Organizing A C++ Project Using Cmake And Gtest

Simple and effective project structure using cmake for the build system and gtest for testing

The goal of this post is to show a simple, but effective project structure for C++ projects, using cmake and gtest. If you want to skip the details and just download the project as a starting point feel free to grab it from github:

git clone

If you grabbed the repo from github, feel free to stop right here and modify the files as need be! If not, let's get into the nitty gritty of how and why we made this project structure.

When getting started with a C++ project, I always like to get a few basic things out of the way first: a build system, a library, tools and tests. This example should be a good starting point for unix type systems ie. OSX and Ubuntu. Note this post also assumes a basic working knowledge of C++. At the end of the project, the repo will look like this:

For this example we are going to build a simple program that takes input from the command line and calculates the volume of a sphere. We are going to organize the files into a calculator library for doing the calculations, tests for testing our library, and a tool that you can use on the command line.

A README for general project info, build instructions, etc:

A .gitignore file to tell git what we do not want checked into the repo:
touch .gitignore

Then all the directories we will want:
mkdir -p include/calculator
mkdir -p src
mkdir -p tests
mkdir -p tools/sphere_calculator

A good place to start is defining a test, that our library will have to pass. Let's create the files we will need to make this happen.
touch tests/main.cpp
touch tests/calculator_test.cpp
touch include/calculator/calculator.h
touch src/calculator.cpp

For our tests we are going to use the google testing framework gtest. Edit tests/main.cpp to define our main function for the testing framework.

I like to write tests first to make sure I like the interface for the class. We are only going to have one simple test for our class, because all it does is calculate the volume of a sphere given the radius.

Now let's write the definition/implementation for our simple calculator class.

Edit include/calculator/calculator.h to define our calculator class, and the one method we want to test.

Now for the simple implementation that calculates the volume given the equation below:

In order to try out our new class, and make sure it passes our test, we will need to add our CMakeLists.txt file.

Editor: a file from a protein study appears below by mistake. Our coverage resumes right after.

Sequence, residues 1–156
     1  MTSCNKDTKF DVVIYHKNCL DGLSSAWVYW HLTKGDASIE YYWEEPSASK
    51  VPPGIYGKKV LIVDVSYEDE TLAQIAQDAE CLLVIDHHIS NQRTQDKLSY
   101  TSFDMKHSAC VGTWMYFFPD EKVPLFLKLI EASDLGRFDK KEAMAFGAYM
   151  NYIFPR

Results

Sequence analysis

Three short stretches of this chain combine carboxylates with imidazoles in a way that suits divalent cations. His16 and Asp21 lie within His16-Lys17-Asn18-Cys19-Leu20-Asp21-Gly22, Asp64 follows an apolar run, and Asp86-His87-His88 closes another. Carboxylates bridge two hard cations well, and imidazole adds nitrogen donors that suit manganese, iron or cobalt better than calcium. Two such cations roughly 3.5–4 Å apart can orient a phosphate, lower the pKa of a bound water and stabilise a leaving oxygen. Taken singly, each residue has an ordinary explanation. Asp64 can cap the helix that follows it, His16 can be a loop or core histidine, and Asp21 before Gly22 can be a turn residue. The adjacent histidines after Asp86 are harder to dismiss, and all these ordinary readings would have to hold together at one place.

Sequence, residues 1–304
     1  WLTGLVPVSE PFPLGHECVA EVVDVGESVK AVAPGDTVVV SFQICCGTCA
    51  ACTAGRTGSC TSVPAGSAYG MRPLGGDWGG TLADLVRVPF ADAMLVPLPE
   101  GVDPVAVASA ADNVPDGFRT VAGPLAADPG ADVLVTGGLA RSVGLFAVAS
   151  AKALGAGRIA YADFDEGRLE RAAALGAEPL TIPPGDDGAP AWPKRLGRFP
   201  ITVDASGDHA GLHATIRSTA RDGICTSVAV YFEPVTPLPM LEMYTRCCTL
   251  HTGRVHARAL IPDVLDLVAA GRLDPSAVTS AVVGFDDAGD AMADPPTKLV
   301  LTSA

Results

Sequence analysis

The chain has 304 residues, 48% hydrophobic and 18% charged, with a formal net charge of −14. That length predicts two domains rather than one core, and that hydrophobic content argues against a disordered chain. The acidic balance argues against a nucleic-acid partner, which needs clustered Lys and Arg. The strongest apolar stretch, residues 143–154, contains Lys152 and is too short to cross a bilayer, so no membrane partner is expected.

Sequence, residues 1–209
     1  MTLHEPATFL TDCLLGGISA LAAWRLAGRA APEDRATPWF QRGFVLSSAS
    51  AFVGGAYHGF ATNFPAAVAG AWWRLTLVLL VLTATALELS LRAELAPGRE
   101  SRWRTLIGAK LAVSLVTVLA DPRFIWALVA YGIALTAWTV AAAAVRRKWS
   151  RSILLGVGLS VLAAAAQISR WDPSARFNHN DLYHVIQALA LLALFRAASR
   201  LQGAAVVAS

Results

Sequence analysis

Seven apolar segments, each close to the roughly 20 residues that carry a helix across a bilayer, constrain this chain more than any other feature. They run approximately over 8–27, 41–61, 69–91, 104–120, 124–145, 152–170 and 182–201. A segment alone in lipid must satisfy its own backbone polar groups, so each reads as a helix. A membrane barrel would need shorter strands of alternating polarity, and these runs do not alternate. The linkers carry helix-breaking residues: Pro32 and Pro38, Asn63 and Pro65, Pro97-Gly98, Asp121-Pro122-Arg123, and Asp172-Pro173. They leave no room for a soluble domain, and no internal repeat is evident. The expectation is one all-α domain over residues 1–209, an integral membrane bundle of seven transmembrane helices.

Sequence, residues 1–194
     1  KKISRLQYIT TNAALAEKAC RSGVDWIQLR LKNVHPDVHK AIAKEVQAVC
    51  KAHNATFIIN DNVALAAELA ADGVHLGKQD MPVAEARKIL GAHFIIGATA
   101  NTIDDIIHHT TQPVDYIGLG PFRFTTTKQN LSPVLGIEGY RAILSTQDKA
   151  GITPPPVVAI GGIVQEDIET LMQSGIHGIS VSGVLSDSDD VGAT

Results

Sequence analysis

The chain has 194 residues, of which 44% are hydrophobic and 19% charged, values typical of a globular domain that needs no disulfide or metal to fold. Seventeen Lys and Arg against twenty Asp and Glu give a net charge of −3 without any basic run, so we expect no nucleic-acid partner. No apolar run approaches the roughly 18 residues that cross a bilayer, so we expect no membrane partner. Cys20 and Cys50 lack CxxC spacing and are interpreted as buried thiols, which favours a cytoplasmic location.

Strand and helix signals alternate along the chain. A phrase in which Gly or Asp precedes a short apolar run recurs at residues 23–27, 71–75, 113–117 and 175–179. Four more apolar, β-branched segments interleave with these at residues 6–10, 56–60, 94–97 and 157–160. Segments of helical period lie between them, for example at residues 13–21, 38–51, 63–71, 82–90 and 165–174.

touch CMakeLists.txt

# CMakeLists.txt
cmake_minimum_required(VERSION 3.1)

set(CMAKE_CXX_FLAGS "-Wall -std=c++0x -O0 -g3")

# Project Headers

# Project Sources
file(GLOB_RECURSE SOURCES "src/*.cpp")
add_library(calculator STATIC ${SOURCES})

# Third Party




# tests
file(GLOB_RECURSE TEST_SOURCES "tests/*.cpp")
add_executable(tests ${TEST_SOURCES})
target_link_libraries(tests ${LIBS})

Now to build the project:
mkdir build
cd build

Give cmake the path to your gtest build directories:
cmake -D GTEST_INCLUDE_DIR=~/Code/3rdParty/googletest-release-1.8.0/install/include/ \ -D GTEST_LIB_DIR=~/Code/3rdParty/googletest-release-1.8.0/install/lib/ ..

Now you should have an executable called ./tests, which after running should give you the following output:

Woohoo! We have a library, class, and test case that passes! This is a great start. Let's finish it off by creating a tool that the user can interact with on the command line.

Create a directory and the main file for your tool.
mkdir ../tools/sphere_calculator/
touch ../tools/sphere_calculator/main.cpp

Now time to implement our tool that uses our library. We will make a REPL that takes in a radius as input, then takes in user input, and prints out the volume.

We could do more fancy checking that user input is valid, but that is not the main focus of this post :)
Now let's add our tool to bottom of CMakeLists.txt

# tools
add_executable(sphere_calculator tools/sphere_calculator/main.cpp)
target_link_libraries(sphere_calculator ${LIBS})

Build the new tool and test it out!
cmake ..

You should see the following output:

Congrats! You successfully setup a project with cmake and gtest! You can use this as a good starting point for future C++ projects.


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